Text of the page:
Necrotizing fasciitis caused by Haemophilus influenzae type b in a patient with rectal cancer treated with combined bevacizumab and chemotherapy: a case report

BMC Infect Dis. 2014 Apr 12;14:198. doi: 10.1186/1471-2334-14-198.

Abstract

Background: Recently, necrotizing fasciitis has been reported in patients treated with bevacizumab, usually secondary to wound healing complications, gastrointestinal perforations, or fistula formation. The risk of invasive Haemophilus influenzae type b infection is significantly increased in immunocompromised hosts. However, necrotizing fasciitis due to Haemophilus influenzae type b in a patient treated with combined bevacizumab and chemotherapy has not been previously reported.

Case presentation: A 59-year-old woman was admitted to the intensive care unit after sudden onset of fever, chills, and right thigh pain. She received chemotherapy with fluorouracil, irinotecan, and bevacizumab for colon cancer 10 days prior to admission. The advancing erythematous margin and her worsening clinical condition prompted us to suspect necrotizing fasciitis and consult the orthopedics department for a fascia biopsy and debridement. Surgical exploration revealed a murky dishwater-colored pus exudate from the incision site and the lack of a shiny appearance of the fascia that also suggested necrotizing fasciitis. After 2 days, the final results of the blood and exudate cultures confirmed the presence of Haemophilus influenzae type b. A diagnosis of necrotizing fasciitis due to Haemophilus influenzae type b was made. The patient required recurrent surgical debridement and drainage, but she recovered from the septic shock.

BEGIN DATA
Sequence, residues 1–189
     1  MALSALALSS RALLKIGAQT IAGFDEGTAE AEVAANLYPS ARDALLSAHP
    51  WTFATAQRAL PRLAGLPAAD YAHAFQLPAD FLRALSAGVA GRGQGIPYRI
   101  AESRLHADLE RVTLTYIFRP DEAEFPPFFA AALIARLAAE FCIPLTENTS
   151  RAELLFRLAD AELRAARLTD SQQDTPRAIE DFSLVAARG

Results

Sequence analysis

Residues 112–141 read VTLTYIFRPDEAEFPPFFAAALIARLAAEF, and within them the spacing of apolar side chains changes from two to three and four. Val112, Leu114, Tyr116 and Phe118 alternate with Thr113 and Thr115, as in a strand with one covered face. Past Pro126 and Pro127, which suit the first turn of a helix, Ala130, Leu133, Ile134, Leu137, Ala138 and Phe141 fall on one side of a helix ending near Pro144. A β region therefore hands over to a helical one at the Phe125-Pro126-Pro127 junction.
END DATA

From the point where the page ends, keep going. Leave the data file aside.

Conclusions: We report a case of necrotizing fasciitis due to Haemophilus influenzae type b in a patient without injury and with rectal cancer treated with combined bevacizumab and chemotherapy. Physicians should consider invasive Haemophilus influenzae type b disease in the presence of necrotizing fasciitis in patients treated with this combined treatment modality.

Publication types

  • Case Reports

MeSH terms

  • Antibodies, Monoclonal, Humanized / administration & dosage
  • Antineoplastic Combined Chemotherapy Protocols / therapeutic use*
  • Bevacizumab
  • Fasciitis, Necrotizing / virology*
  • Female
  • Haemophilus Infections / virology*
  • Haemophilus influenzae type b / isolation & purification*
  • Humans
  • Middle Aged
  • Rectal Neoplasms / drug therapy*
  • Rectal Neoplasms / virology*
  • Shock, Septic / virology

Substances

  • Antibodies, Monoclonal, Humanized
  • Bevacizumab